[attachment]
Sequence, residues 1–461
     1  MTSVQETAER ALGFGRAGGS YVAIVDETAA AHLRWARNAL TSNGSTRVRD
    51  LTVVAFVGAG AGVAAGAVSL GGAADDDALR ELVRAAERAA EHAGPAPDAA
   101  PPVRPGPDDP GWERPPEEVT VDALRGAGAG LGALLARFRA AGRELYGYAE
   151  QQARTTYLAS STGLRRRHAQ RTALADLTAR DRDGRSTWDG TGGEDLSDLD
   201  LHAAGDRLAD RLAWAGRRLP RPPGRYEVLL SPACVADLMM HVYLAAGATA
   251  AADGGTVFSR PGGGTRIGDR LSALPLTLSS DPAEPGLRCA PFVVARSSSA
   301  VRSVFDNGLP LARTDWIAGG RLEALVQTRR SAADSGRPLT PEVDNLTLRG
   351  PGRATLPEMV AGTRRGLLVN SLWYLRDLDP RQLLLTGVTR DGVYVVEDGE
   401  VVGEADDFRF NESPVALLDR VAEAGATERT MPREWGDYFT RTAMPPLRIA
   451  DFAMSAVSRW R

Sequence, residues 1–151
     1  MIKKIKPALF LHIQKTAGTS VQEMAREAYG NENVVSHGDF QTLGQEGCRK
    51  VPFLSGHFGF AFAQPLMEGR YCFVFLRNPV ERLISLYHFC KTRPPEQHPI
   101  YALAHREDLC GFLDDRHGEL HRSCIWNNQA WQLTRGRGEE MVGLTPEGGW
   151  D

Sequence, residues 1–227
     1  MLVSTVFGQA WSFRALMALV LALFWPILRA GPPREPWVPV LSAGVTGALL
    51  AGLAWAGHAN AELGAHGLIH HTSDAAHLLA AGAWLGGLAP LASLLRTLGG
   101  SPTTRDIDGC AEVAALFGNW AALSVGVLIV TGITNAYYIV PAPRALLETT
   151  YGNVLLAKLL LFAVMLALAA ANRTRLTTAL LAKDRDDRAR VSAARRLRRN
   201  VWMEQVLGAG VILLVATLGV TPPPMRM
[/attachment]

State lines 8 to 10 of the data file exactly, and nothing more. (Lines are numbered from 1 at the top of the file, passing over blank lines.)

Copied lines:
   301  VRSVFDNGLP LARTDWIAGG RLEALVQTRR SAADSGRPLT PEVDNLTLRG
   351  PGRATLPEMV AGTRRGLLVN SLWYLRDLDP RQLLLTGVTR DGVYVVEDGE
   401  VVGEADDFRF NESPVALLDR VAEAGATERT MPREWGDYFT RTAMPPLRIA